The whistling winds- Mike McGuire

A multitude of birds sang as the oak trees rustled in the whistling morning winds. Teddy sat on the wooden park bench and watched as the pink crested robins invaded a nearby mulberry tree. Teddy cupped his shivering hands around his favourite mug, a gift from his granddaughter. She moulded it for him in her pottery class. He liked the tribal-like markings she’d painted on the dark blue mug. She put a unique squiggle on it, depicting a wiry, curvy figure. It appeared to move side to side down like a slithering snake. “Just like her,” he thought, “Bouncing around, always jolly, gracing us with her delightful spirit.” Teddy removed his glasses and ran a tissue around his eyes. He hoisted it up, arms outstretched, as a rare beam of sunlight commanded the wind to be still – so Teddy could admire the illuminated mug. A well-dressed man plonked himself on the bench next to Teddy. He, too, had a mug. He sipped the steamy beverage as he observed the chattering birds.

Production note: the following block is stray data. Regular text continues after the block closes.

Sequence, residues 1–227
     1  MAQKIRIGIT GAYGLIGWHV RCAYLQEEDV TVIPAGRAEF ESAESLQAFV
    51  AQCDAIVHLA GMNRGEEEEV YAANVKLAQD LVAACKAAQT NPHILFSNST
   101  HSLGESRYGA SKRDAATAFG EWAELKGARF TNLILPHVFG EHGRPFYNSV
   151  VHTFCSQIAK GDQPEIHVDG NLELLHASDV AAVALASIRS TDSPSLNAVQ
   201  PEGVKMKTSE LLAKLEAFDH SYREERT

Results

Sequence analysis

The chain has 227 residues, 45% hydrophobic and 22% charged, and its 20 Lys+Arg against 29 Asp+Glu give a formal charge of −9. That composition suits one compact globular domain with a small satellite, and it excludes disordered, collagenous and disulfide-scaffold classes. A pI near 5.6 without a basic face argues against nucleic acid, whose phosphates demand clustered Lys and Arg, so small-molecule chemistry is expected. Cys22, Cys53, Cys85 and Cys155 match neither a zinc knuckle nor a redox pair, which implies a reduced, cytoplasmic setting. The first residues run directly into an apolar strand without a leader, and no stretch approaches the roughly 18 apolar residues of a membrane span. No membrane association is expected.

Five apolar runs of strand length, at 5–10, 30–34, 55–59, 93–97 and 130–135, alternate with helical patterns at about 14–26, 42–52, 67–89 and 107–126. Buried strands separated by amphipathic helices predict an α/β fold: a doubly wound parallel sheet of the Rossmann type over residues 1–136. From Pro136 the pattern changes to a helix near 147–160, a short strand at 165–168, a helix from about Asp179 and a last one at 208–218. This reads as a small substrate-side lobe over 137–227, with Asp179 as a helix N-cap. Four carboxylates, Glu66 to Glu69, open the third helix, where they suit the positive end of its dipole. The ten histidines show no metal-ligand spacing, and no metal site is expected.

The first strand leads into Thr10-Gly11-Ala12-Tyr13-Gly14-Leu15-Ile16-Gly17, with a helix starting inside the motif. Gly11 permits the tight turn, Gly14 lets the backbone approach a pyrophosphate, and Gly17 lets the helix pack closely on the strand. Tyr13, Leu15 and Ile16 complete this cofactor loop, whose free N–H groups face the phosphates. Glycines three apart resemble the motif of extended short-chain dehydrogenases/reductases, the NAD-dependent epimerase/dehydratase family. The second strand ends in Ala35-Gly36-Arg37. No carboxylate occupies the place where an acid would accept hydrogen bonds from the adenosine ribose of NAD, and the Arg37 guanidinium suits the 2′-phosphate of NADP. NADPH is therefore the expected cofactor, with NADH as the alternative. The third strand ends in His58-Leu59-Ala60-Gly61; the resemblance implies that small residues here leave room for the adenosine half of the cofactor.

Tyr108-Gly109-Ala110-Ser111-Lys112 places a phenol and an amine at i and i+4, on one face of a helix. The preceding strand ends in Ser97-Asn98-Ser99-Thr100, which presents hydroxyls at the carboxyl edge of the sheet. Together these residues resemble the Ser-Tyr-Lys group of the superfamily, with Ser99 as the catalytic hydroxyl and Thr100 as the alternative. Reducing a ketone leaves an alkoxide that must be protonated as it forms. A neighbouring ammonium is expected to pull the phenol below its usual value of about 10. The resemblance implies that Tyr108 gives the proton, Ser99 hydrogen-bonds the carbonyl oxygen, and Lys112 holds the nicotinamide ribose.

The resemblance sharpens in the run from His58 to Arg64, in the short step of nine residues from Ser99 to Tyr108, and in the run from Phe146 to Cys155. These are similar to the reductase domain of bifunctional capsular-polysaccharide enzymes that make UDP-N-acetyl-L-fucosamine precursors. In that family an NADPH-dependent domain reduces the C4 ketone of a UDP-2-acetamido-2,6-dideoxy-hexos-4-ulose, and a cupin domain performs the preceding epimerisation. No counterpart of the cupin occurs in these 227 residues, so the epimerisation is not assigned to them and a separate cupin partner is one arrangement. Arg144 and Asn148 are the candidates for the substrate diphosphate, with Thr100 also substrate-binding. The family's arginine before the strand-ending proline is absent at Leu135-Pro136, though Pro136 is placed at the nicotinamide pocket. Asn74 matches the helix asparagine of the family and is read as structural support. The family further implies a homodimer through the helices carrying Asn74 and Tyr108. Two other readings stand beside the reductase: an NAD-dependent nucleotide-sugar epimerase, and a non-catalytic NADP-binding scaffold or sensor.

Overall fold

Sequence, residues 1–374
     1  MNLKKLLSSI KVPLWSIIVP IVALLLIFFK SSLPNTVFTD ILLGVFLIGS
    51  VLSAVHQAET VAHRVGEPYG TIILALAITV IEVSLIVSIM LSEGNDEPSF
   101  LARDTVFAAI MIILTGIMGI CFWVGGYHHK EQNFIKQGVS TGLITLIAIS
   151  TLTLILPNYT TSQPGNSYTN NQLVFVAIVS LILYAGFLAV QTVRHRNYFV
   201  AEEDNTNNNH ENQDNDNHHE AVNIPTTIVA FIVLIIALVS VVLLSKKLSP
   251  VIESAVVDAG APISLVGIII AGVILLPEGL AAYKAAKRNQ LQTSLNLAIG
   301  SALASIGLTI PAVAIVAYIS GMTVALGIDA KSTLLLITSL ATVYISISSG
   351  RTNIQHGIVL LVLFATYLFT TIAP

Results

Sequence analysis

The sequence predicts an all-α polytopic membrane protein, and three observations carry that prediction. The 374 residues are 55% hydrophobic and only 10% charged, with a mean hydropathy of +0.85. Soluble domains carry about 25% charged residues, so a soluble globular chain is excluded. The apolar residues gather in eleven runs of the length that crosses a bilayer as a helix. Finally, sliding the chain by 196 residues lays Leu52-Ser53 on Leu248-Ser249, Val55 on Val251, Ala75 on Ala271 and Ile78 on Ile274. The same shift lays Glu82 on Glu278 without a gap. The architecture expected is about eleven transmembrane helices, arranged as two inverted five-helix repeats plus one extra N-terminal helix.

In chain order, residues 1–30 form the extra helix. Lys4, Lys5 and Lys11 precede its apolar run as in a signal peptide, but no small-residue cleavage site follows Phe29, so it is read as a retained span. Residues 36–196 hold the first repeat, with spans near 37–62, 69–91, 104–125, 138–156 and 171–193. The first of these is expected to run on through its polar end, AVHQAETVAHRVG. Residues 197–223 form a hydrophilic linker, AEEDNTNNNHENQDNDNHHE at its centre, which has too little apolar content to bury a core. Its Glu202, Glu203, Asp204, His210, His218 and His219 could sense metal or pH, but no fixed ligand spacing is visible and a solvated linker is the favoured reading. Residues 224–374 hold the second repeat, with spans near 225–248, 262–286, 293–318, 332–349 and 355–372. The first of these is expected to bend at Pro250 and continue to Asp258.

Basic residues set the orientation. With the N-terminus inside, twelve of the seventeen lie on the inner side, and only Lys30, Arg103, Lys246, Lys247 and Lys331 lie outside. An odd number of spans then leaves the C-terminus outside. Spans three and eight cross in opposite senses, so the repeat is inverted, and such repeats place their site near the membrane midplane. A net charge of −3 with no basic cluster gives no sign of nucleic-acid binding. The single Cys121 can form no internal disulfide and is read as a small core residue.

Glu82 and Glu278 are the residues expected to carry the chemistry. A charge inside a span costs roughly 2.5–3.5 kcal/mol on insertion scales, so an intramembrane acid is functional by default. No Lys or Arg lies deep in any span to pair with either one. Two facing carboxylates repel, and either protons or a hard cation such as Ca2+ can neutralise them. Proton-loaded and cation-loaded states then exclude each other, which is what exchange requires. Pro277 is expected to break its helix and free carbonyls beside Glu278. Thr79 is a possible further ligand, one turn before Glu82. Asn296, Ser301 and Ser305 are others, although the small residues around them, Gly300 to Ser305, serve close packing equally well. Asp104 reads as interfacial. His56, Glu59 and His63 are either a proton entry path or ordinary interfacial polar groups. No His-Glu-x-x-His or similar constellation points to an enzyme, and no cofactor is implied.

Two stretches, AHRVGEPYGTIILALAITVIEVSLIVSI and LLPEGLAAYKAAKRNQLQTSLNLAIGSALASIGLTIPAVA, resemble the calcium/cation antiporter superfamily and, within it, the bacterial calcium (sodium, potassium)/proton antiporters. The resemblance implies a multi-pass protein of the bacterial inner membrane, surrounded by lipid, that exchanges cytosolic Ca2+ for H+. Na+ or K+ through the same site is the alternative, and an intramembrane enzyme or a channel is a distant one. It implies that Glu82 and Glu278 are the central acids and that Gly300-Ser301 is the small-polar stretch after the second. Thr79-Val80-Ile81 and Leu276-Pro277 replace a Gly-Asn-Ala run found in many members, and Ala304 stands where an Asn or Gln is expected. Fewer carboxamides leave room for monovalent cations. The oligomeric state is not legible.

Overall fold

“A gift from my granddaughter,” he tells Teddy, eyes still focused straight ahead. “No way! Me too,” Teddy says, lifting up his mug.

They turn and face each other with a smile and clink their mugs together. “Thank God for granddaughters!” they beam in unison.

As they lean in to clink mugs again, – a large commotion unfolds in the grey skies above them. The pink crested robins cry out in anguish, as a larger faster bird of prey snatches at them and captures one of their smallest. It wraps its strong fat claws around the tiny robin’s body and whisks it away high into the sky, until it disappears from sight. The robin’s last piercing shrieks drift down from the sky, and echo out among the tree-tops. “Brutal isn’t it? Nature is so evil,” the white man says to Teddy.

“I disagree,” Teddy says. “Do I find it scary? Yes, and sad for that little bird. But I don’t accuse the bigger bird of being evil, it was only chasing a meal. It swooped out of necessity. It probably has little ones to feed and a partner to keep safe.”

The white man stares at Teddy, mouth wide-open, eye brows raised.

Teddy picks up on the man’s judgemental gaze, “Last week, my granddaughter was walking through this very park, and was gunned down by a white policeman. That robin didn’t deserve to die but neither did my granddaughter.”

“What on earth did your granddaughter do?” Silence.

Teddy shakes his head and again runs a tissue over his cheeks.

“She was the most loving person you’d ever meet – Mistaken identity. It’s what happens when hateful people are handed all the power in the world to do as they please.”

The men sit in silence, hands hugging the mugs which rest over their hearts.

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